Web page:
Visibility Matters: Entertaining the Future


Back to the Future

Given how far we’ve come in the last seven years, what can we expect seven years from now?

I’m not sure we’ll see ourselves adequately represented in big-budget films or TV shows anytime soon; that’s still an old-media business model with too much money at stake to be anything but conservative.

But I’m also not sure big-budget films and TV shows will carry as much weight seven years from now, either.

When streaming and downloading movies, music, and books becomes the norm, it’s a much more level playing field. The people and content which get the most promotion still wins, but unlike in traditional outlets, promotion on the internet doesn’t require as much money.

It often requires no money at all, as the 128 million streams of the Evolution of Dance video proves. And no amount of money will make up for a bad product, as last year’s large online media buy to promote the disastrous movie Australia proves.

The talent and quality of the product or performer is more important than money when you can click a single button and share something with a hundred or thousand of your friends for free.

And the internet is making it even easier to find and support queer performers and queer-inclusive entertainment.

Seven years ago, there were almost no lesbian sites to turn to. Today, in addition to, there are dozens of lesbian and bisexual websites, as well as personal blogs, that highlight queer and queer-friendly content; popular online video sites include plenty of videos made by and for queer women; and sites like,, and are focused exclusively on providing LGBT films, music videos, online talk shows and web series.

The internet also opens up a whole new world of international content, actresses, musicians and writers. Just as many women living outside the U.S. keep on the latest Grey’s Anatomy developments by watching video clips online, or reading recaps, many American women are getting hooked on international web series and TV shows like Plan V, Chica Busca Chica, Verbotene Liebe and Los Hombres de Paco the same way.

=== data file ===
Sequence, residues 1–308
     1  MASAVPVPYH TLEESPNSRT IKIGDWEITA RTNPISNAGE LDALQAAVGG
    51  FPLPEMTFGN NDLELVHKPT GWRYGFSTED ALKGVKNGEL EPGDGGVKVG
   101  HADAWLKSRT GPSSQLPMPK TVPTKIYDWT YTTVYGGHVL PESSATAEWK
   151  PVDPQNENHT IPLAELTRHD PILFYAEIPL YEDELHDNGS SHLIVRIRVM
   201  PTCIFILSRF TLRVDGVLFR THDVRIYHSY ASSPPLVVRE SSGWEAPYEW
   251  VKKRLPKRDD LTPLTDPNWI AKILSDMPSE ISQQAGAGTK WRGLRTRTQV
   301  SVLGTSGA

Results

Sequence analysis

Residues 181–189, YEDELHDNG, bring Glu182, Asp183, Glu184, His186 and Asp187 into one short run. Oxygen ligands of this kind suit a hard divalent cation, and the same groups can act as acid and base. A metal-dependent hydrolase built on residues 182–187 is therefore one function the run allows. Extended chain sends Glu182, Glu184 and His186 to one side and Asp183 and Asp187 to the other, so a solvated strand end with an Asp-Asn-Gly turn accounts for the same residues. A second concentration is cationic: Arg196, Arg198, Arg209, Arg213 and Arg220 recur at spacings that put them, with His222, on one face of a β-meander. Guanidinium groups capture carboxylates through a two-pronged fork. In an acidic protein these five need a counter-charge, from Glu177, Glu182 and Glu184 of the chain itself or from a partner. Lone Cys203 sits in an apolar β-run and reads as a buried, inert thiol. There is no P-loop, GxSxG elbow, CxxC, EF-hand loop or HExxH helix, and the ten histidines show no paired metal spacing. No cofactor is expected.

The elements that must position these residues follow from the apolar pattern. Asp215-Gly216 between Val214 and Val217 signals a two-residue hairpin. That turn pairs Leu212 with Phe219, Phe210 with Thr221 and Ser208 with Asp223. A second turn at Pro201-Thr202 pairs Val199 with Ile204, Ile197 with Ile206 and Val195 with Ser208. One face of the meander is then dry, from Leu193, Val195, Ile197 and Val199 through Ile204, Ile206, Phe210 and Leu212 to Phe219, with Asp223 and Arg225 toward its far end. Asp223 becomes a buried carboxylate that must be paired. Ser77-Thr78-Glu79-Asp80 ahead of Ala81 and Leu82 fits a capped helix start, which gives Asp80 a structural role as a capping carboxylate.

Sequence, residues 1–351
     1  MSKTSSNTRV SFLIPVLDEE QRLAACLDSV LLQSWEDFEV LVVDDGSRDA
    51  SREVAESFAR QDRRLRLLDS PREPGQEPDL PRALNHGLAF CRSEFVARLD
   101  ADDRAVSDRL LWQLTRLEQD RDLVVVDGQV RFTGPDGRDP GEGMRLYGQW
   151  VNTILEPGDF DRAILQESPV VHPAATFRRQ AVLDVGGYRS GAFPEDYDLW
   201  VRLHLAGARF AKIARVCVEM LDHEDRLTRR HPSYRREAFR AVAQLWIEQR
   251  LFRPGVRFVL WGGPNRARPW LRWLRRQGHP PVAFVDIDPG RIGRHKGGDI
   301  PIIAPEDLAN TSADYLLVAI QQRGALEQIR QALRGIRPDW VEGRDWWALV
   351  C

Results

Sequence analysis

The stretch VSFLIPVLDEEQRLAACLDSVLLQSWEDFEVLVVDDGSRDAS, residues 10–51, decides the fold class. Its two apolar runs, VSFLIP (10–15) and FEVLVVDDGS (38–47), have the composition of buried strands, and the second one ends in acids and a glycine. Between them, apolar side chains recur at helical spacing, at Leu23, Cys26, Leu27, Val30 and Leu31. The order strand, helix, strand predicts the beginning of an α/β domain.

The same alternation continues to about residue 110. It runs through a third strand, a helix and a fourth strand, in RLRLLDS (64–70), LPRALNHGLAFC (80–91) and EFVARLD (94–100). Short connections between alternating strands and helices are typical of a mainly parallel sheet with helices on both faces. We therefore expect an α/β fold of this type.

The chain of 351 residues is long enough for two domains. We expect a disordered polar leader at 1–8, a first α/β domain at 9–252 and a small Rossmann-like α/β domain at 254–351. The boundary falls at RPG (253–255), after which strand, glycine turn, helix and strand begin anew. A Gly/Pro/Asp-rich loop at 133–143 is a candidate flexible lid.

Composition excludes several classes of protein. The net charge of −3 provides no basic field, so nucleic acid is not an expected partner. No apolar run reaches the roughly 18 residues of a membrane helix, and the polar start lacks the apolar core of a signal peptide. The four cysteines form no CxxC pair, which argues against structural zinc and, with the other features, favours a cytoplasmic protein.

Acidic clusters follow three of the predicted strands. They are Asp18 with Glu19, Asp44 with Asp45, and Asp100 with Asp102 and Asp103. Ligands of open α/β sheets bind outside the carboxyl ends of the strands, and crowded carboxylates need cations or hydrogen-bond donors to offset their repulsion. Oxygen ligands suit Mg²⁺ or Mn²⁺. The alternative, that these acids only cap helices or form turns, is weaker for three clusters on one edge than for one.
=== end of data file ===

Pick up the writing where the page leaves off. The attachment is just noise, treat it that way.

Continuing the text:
The internet has also helped fuel the international success of the Millenium series by Swedish author Stieg Larsson, which revolves around a bisexual woman and a straight male journalist.

Similarly, international “celezbians” like Australia’s Ruby Rose or Norway’s Gro Hammerseng have developed significant American followings, thanks to the international visibility provided by the internet.

Ruby Rose and Gro Hammerseng

The Power of the Many

One of the most enjoyable aspects of writing for is being able to shine a light on talented actors, musicians, authors, and filmmakers who aren’t yet covered by mainstream entertainment outlets like People, Entertainment Weekly, Rolling Stone, E! Online or

We help you discover these women, films, and shows, and you then help them become more successful by following them online, and watching or purchasing their products — which in turn helps them secure funding for more projects, land roles or book gigs, sell their book, etc.

Multiply that times all the other sites and blogs doing the same thing, and suddenly the future of women in entertainment is largely in the hands of queer women, rather than studio execs.

As Angela Robinson wrote in her excellent column on this topic in 2006, “The gatekeepers are dying, slowly but surely, and now is the time for the artist to talk directly to the audience, without the middleman.”

While the visibility of queer women in entertainment won’t improve drastically overnight (technology and business models still need time to catch up), we are slowly but surely creating a world in which there are more entertainment options for us, more ways to see ourselves represented, and more ways to succeed in entertainment and still be ourselves — one show, movie, book, author, musician, comedian, and actor at a time.

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